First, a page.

The Hezbollah tunnels – like those of Hamas – were built for the easy transport of terrorists and weapons with which to kidnap and/or kill Israeli civilians and soldiers.
The tunnel in question – originating in the Lebanese village of Ramiyeh and ending up in a spot situated between the communities of Zar’it and Shtula – is approximately 263 feet deep, with 20 flights of stairs, and contains electrical and ventilation systems, enabling Hezbollah operatives to dig for long stretches of time.
The Ramiyeh tunnel and the five others already destroyed by the Israeli military were part of the Shi’ite terrorist organization’s “Conquering the Galilee” plan, identified by the IDF in 2012. This plan, hatched by Hezbollah chief Hassan Nasrallah, involved the deployment of fighters from the group’s elite Radwan “unit,” which is more like a special-forces death squad.
Hezbollah was able to begin constructing its terror tunnels – in addition to amassing more than 50,000 fighters and 100,000 rockets and missiles – after the 2006 Second Lebanon War with Israel.
This blatant violation of UN Resolution 1701, which ended the war, was not exactly surprising. Iran and its terrorist proxies never have honored agreements, after all.
Notably, Israel’s prime minister at the time was Ehud Olmert, not Netanyahu. Two years after the war, as he was about to step down to combat the bribery charges that ultimately landed him in jail, Olmert actually defended the resolution, on the ridiculous grounds that it had led to “quiet” along Israel’s northern border. Apparently, from his perch in Jerusalem, Olmert was unable to hear the pounding and drilling going on along that border, or observe Hezbollah weapons convoys breezing by useless UNIFIL soldiers tasked with “monitoring” terrorist movements.
Since replacing Olmert in 2009, then, Netanyahu has had to greenlight airstrikes on these convoys. Oh, and on Iranian targets in Syria, as well.
While on the subject of the Islamic Republic, Iranian Foreign Minister Mohammad Javad Zarif on Monday tweeted a characteristic attack on the Trump administration, accusing it of “economic terrorism [that] is hurting the Iranian people and causing tension in the region.”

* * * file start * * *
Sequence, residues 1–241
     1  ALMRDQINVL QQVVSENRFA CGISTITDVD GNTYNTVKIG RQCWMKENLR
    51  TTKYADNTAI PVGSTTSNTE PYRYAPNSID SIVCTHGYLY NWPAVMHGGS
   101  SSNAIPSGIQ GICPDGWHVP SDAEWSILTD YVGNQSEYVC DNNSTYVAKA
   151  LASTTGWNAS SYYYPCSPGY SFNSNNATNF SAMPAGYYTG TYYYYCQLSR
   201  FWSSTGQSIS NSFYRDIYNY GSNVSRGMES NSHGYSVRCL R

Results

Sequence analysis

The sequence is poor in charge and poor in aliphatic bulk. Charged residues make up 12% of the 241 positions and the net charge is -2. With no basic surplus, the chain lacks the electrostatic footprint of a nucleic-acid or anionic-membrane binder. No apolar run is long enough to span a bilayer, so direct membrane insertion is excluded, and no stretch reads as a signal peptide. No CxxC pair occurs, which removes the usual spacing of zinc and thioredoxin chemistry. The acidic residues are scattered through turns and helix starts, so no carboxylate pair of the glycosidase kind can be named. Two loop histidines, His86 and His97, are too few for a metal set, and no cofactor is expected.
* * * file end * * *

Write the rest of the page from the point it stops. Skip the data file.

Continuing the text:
He began his assault with a lie, of course, claiming that Supreme Leader Ayatollah Ali Khamenei “long ago said we’re not seeking nuclear weapons – by issuing a fatwa [religious Islamic decree] banning them.”
The story of this alleged fatwa was created by Iranian honchos for consumption by Western patsies as far back as 2005, and was reiterated prior to every summit held with and about Tehran. Former US president Barack Obama not only lapped it up, but spread it repeatedly to justify his appeasement of and capitulation to the mullah-led regime.
In 2015, mere months before reaching the deal with the devil, Obama declared: “Since Iran’s Supreme Leader has issued a fatwa against the development of nuclear weapons, this framework gives Iran the opportunity to verify that its program is, in fact, peaceful.”
Yet, the Middle East Media Research Institute (MEMRI) had written six exhaustive reports – one of which was released days before Obama made that statement – proving that such a fatwa never existed.
Luckily, Trump is not Obama. He believes what he sees, not the lying eyes of wishful thinkers and evildoers. And what he is witnessing are Iranian warships in the Arabian Gulf threatening American interests.
Trump might not have needed a push from Netanyahu to grasp the gravity of a nuclear Iran, especially one with long-range ballistic missiles at the ready. But he appreciates the existence of a steadfast ally on the front lines, fending off Iran’s proxies on a daily basis.
Netanyahu’s adversaries at home and abroad are gleefully trying to portray Israel’s current political crisis as a failure of his leadership – or an attempt on his part to escape possible indictment – rather than what it is: an electoral system sorely in need of reform.
Indeed, Netanyahu’s critics refuse to acknowledge the real reason that he has been prime minister for the past decade. No other party chair on the scene at the moment inspires confidence that, under his or her watch, the country would be secure enough externally to withstand its internal strife.